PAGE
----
So the summer hols reading on the beach will include a bit of drastic editing of pages that have been left fallow too long to serve now, and hiving off bits that it's possible free scripts and social media plug-ins from such as FaceBook and Blogger and Wordpress can do easier, better and much more integrated.

I've noticed Facebook or twitter pages or articles I follow or find all can be shared in the blink of an eye, as I do now especially on the 'Here Are Some We RE:made Earlier!' FaceBook page linked from the home page.

Maybe I can also reproduce the categories within these, to get these shares archived in a way to easily search under various topics again.

It will of course be a bunch of work, but with luck doable. 

Looking For Help In All the Right Places

I am also looking at converting to social enterprise or even charity status to see if this can help find more help, especially in terms of the warm bodies (as funded staff or volunteers) to get us back to when we were running 150,000+ unique visitors and climbing monthly.

Friday, June 13, 2014

IDEA - Kelly Kettle, plus some musings on efficiencies & enviROIs

One of the joys (of many) of this lark is what you can stumble across. 

And, of course, who. Which can always lead on to all sorts more fun stuff.

The other day on twitter I shared a link to an electric 'eco-kettle' (I'll save detail on this for another day, as this thread is set to head off on enough tangents already).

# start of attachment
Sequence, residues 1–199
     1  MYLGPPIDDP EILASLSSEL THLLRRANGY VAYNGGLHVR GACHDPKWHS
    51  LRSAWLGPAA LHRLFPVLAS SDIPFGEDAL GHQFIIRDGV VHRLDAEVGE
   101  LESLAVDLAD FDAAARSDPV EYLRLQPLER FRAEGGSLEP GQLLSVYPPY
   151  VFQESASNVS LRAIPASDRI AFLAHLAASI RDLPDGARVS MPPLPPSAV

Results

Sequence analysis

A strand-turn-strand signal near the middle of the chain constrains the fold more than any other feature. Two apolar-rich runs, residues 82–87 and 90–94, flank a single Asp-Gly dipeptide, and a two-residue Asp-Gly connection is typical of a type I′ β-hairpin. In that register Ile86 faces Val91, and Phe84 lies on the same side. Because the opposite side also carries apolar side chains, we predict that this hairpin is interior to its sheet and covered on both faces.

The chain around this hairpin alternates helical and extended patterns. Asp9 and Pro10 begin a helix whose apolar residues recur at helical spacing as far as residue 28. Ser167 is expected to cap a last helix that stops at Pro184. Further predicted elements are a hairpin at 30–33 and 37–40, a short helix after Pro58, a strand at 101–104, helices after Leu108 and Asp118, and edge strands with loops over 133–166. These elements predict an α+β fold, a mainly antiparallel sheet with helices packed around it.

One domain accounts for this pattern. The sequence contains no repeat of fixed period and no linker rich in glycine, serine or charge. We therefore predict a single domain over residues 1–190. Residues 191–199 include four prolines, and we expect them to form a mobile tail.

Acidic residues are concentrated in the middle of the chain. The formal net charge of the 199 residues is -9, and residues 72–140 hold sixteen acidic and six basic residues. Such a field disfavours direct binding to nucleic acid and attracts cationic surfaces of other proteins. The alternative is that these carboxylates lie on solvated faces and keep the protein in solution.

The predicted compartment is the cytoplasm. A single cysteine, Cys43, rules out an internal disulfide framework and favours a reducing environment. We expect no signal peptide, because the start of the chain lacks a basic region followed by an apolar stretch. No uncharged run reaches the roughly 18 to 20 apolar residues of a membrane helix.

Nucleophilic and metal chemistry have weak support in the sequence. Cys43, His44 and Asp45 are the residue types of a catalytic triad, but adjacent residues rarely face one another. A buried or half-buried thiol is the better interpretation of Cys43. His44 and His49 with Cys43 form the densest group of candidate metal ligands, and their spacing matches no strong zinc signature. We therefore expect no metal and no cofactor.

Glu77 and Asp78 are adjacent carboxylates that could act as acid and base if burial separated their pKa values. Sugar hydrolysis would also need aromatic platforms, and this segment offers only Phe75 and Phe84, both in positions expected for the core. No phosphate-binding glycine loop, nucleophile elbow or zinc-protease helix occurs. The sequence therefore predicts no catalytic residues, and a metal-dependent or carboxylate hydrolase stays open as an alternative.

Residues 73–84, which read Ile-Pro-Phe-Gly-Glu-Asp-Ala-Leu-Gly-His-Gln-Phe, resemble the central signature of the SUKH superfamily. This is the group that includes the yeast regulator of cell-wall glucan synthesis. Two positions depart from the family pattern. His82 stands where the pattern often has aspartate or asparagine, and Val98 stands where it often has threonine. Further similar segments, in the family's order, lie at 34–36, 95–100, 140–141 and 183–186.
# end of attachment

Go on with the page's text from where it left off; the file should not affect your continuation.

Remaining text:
Suffice to say it was... is... claimed as a very green way to boil water.

I was convinced enough to be tempted, and shared this intention on said twitter, FaceBook, etc. I believe I added a caveat on its claimed values until bought and tried.

What followed was a most interesting serious of exchanges on what it takes to boil water, as you do, with an impressively credentialed gentleman who goes under the name of Roger Tallbloke. On many matters, but especially science and even more so that of climate, well worth a follow:

With that too often over-used and abused (esp. by our glorious 4th estate) term, I think he'll allow me to also confer upon him the accolade of on occasion erring on the 'controversial', but then who worth their salt is not?

But he and I do share a love of science, engineering and, crucially, second-use design (which we will get to soon, promise).

However reductions of waste and promotions of efficiencies do also score high with us.

So let me simply share what he did with me to my apparently incorrect notion that an electric kettle was the most eco (we shall suspend such as health & safety, speed, style & convenience factors for now) way to get water hot: